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Brazil and Neymar prevail in last-16 as Mexico once again fall short

In the latest episode of Project Russia, ESPN's Charlie Gibson and Tom Marshall bear witness as Mexico's round-of-16 misery continues at the hands of Brazil.

SAMARA, Russia -- Three points from Brazil's 2-0 win over Mexico to put the Selecao in the quarterfinals, where they'll face Belgium or Japan.

1. Brazil ease to ominous win over Mexico

As their rivals fall away and get eliminated early from this World Cup, Brazil seem to get stronger and stronger. Tite's side look like they're hitting a crescendo at the right time on the evidence of Monday's performance, which saw Neymar and Roberto Firmino score clinical second-half goals. Meanwhile Mexico, so bright but so wasteful too, have fallen short at the second-round stage yet again and will be left to reflect on their failure to capitalise on early dominance.

Nobody could mistake exactly how much this clash meant to the Mexican team. They began like whirling dervishes, swarming around Brazil and wreaking havoc from wide positions. Hirving Lozano was unlucky to see Miranda block his far-post shot from one early chance; shortly afterwards, he teased a ball just beyond Javier Hernandez and there was a let-off for Brazil when Carlos Vela could not find Hector Herrera with a delivery from the left. Midway through the half, Herrera was denied by a defender after the same two players combined, and at that stage, Brazil were seemingly on the ropes.

All Tite's side offered in attack over the first 20 minutes was a drive by Neymar that Guillermo Ochoa flapped away, but they settled and soon became the more threatening side. Neymar began to have some joy on the left, with one weaving run resulting in a sharp save from Ochoa. The goalkeeper later parried a Gabriel Jesus effort after fine work from Neymar and by the break, there was a sense Brazil looked broadly in control.

Shortly after half-time, Ochoa saved again from Philippe Coutinho and the suspicion at that stage was that a goal would not be long in coming. It arrived via a beautifully executed move, Neymar back-heeling to Willian and then surging into the box to tap home his teammate's driven cross.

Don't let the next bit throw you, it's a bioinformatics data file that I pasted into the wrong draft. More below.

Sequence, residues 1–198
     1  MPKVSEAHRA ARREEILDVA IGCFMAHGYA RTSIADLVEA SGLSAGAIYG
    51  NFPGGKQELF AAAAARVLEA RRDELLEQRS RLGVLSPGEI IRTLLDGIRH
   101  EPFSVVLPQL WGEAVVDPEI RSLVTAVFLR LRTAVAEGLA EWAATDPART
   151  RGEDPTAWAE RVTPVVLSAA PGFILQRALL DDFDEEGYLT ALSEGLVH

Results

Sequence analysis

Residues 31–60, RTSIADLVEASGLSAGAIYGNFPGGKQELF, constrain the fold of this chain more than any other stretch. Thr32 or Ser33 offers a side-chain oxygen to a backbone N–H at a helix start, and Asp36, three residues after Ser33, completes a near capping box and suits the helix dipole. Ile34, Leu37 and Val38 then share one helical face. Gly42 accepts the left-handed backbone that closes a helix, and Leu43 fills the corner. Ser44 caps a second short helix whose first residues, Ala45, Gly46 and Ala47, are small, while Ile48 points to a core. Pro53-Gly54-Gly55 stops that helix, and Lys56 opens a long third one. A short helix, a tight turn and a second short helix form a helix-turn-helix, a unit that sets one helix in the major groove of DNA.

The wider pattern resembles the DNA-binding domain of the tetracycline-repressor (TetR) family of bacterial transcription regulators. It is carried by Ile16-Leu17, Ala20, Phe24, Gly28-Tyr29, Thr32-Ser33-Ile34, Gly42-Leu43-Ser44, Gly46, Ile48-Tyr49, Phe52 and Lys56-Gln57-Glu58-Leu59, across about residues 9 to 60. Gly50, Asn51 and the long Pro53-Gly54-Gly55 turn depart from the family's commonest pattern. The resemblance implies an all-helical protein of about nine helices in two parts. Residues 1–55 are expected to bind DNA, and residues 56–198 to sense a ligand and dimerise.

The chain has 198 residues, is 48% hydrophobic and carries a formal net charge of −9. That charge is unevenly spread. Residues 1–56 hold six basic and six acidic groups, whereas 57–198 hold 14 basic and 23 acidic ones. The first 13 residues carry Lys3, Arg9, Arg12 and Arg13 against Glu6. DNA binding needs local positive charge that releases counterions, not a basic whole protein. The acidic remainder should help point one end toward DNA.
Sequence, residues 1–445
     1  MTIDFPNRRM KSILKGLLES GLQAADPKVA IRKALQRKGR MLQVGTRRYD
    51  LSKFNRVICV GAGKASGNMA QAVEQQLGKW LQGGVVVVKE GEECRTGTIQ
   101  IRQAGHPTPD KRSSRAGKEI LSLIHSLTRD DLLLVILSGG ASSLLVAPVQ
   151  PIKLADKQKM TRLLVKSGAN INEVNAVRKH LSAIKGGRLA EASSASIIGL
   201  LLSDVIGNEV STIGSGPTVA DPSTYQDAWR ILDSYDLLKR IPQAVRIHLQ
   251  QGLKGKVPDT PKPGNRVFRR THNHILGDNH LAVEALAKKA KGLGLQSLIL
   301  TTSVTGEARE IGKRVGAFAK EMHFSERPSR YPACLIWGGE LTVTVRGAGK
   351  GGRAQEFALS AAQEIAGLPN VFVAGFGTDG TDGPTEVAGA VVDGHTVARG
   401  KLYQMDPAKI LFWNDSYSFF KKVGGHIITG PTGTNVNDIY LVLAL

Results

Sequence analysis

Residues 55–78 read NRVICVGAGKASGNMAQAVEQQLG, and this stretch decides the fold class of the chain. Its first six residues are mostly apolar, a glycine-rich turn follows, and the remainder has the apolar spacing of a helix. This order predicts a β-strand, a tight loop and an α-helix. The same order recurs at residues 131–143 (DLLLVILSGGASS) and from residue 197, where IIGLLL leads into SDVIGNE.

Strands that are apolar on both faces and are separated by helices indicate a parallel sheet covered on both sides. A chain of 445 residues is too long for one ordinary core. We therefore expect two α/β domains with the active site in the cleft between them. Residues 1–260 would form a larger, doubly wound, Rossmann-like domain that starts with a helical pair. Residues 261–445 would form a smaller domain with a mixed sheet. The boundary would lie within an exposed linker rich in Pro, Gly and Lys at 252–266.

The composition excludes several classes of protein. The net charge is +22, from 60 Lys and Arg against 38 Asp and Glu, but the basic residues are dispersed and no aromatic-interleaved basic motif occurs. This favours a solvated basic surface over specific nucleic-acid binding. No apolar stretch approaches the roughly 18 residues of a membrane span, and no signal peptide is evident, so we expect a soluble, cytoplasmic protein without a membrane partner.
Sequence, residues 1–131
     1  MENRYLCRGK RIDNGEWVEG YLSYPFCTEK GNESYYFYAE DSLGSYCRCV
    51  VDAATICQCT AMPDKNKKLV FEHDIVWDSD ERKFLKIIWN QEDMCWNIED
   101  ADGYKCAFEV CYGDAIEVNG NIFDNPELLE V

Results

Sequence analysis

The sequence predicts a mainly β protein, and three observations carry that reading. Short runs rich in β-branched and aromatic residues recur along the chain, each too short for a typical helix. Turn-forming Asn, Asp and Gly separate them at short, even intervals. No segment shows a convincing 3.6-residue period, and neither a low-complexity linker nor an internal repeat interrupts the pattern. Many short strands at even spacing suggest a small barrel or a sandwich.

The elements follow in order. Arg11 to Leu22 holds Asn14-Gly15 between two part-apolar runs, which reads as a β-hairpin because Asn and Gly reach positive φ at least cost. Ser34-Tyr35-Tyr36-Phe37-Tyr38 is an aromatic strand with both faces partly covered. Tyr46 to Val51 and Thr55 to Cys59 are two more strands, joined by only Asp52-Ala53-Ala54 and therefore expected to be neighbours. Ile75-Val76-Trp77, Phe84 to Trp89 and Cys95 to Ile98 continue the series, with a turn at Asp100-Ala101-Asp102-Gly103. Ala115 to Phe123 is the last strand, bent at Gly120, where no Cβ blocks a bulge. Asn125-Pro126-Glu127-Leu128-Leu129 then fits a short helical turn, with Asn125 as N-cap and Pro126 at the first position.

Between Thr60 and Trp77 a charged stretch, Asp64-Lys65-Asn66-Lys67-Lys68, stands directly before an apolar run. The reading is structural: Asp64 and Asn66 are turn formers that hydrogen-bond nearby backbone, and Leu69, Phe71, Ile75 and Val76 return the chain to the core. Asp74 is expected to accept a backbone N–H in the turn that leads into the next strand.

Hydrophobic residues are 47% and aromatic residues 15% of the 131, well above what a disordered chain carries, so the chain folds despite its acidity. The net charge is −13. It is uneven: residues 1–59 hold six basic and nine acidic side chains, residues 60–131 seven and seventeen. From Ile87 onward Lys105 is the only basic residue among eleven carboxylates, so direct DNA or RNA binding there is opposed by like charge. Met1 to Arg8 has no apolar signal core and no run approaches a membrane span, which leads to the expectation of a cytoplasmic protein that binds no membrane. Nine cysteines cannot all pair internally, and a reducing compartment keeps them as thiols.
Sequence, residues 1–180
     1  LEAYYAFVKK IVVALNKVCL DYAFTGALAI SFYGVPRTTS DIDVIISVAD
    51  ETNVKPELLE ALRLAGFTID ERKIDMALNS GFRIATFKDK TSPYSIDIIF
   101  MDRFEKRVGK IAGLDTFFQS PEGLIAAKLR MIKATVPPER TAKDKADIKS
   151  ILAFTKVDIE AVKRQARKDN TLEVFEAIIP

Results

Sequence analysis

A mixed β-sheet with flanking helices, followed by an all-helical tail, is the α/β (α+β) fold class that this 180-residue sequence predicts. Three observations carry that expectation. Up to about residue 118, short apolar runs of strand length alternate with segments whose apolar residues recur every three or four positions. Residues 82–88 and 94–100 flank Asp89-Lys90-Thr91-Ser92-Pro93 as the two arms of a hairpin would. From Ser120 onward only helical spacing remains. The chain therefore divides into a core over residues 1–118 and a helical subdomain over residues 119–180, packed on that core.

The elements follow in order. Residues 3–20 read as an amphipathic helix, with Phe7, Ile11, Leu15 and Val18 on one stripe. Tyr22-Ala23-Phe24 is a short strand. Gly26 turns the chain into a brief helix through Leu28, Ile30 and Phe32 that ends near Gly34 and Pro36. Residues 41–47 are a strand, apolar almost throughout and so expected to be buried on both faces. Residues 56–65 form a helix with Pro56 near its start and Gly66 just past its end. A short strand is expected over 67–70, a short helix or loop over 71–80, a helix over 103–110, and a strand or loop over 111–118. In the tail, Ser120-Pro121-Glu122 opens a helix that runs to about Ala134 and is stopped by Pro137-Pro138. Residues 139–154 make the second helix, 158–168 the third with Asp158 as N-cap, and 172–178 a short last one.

The goal tore Mexico apart, and just before the hour mark Paulinho could have put the game to bed but allowed Ochoa to make his latest stop when found alone 15 yards out. Ochoa then made his best save of the evening to deny Willian; it meant Mexico were still in the game, though they never really produced anything beyond huff and puff.

Brazil always looked more likely to finish them off on the counter and so it proved, with Neymar turning on the afterburners again to tee up a simple finish for sub Firmino as the clock ticked down. After early concerns, this ended up being a hugely satisfying evening for Brazil.

Neymar picked the perfect time to shine at this World Cup as Brazil edged past Mexico to reach the quarterfinals.
Neymar picked the perfect time to shine at this World Cup as Brazil edged past Mexico to reach the quarterfinals.

2. Mexico pay penalty for first-half wastefulness

A 30-second sequence in the second half summed up the difference between these sides and it was the kind of scenario that, when Mexico reach this stage of the World Cup, tends to repeat itself with unfortunate frequency.

When Jesus Gallardo surged upfield after a Brazil corner had been cleared, the Mexico full-back had Hirving Lozano completely open to his left. It would have been a fantastic scoring opportunity for the PSV star but Gallardo, perhaps blinded by the invitation to shoot after running 60 yards with the ball, blasted his effort high and wide from outside the area.